Reactions of Diborane with Ammonia and Ammonia Borane: Catalytic Effects for Multiple Pathways for Hydrogen Release

Department of Chemistry, The University of Alabama, Shelby Hall, Tuscaloosa, Alabama 35487-0336, USA.
The Journal of Physical Chemistry A (Impact Factor: 2.69). 10/2008; 112(40):9946-54. DOI: 10.1021/jp804714r
Source: PubMed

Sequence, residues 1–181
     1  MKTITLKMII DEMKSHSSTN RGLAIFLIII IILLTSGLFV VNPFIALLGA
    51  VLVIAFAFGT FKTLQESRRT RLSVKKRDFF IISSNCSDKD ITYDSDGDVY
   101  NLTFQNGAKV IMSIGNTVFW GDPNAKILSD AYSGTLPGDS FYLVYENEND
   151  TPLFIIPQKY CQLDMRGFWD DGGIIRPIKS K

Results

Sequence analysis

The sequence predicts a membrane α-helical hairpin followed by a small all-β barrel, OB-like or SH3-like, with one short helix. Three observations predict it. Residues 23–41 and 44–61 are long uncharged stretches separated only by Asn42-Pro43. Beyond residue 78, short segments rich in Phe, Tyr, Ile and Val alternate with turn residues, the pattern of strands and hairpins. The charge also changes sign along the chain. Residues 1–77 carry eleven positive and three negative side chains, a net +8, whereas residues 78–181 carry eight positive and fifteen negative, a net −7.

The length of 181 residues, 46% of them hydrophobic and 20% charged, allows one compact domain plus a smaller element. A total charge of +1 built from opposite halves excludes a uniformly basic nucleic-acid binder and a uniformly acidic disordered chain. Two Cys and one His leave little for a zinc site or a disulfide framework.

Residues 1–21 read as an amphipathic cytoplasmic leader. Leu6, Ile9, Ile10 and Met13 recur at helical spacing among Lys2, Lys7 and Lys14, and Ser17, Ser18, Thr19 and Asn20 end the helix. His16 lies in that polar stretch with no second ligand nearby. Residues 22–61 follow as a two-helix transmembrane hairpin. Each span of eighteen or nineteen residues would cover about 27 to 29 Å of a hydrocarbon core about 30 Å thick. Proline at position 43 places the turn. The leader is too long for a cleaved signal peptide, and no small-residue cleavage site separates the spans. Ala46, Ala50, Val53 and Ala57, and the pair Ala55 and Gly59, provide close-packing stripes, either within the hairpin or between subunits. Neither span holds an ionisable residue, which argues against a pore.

High-level electronic structure calculations have been used to construct portions of the potential energy surfaces related to the reaction of diborane with ammonia and ammonia borane (B2H6 + NH3 and B2H6 + BH3NH3)to probe the molecular mechanism of H2 release. Geometries of stationary points were optimized at the MP2/aug-cc-pVTZ level. Total energies were computed at the coupled-cluster CCSD(T) theory level with the correlation-consistent basis sets. The results show a wide range of reaction pathways for H2 elimination. The initial interaction of B2H6 + NH3 leads to a weak preassociation complex, from which a B-H-B bridge bond is broken giving rise to a more stable H3BHBH2NH3 adduct. This intermediate, which is also formed from BH3NH3 + BH3, is connected with at least six transition states for H2 release with energies 18-93 kal/mol above the separated reactants. The lowest-lying transition state is a six-member cycle, in which BH3exerts a bifunctional catalytic effect accelerating H2 generation within a B-H-H-N framework. Diborane also induces a catalytic effect for H2 elimination from BH3NH3 via a three-step pathway with cyclic transition states. Following conformational changes, the rate-determining transition state for H2 release is approximately 27 kcal/mol above the B2H6 + BH3NH3 reactants, as compared with an energy barrier of approximately 37 kcal/mol for H2 release from BH3NH3. The behavior of two separated BH3 molecules is more complex and involves multiple reaction pathways. Channels from diborane or borane initially converge to a complex comprising the H3BHBH2NH3adduct plus BH3. The interaction of free BH3 with the BH3 moiety of BH3NH3 via a six-member transition state with diborane type of bonding leads to a lower-energy transition state. The corresponding energy barrier is approximately 8 kcal/mol, relative to the reference point H3BHBH2NH3 adduct + BH3. These transition states are 27-36 kcal/mol above BH3NH3 + B2H6, but 1-9 kcal/mol below the separated reactants BH3NH3 + 2 BH3. Upon chemical activation of B2H6 by forming 2 BH3, there should be sufficient internal energy to undergo spontaneous H2 release. Proceeding in the opposite direction, the H2 regeneration of the products of the B2H6 + BH3NH3reaction should be a feasible process under mild thermal conditions.

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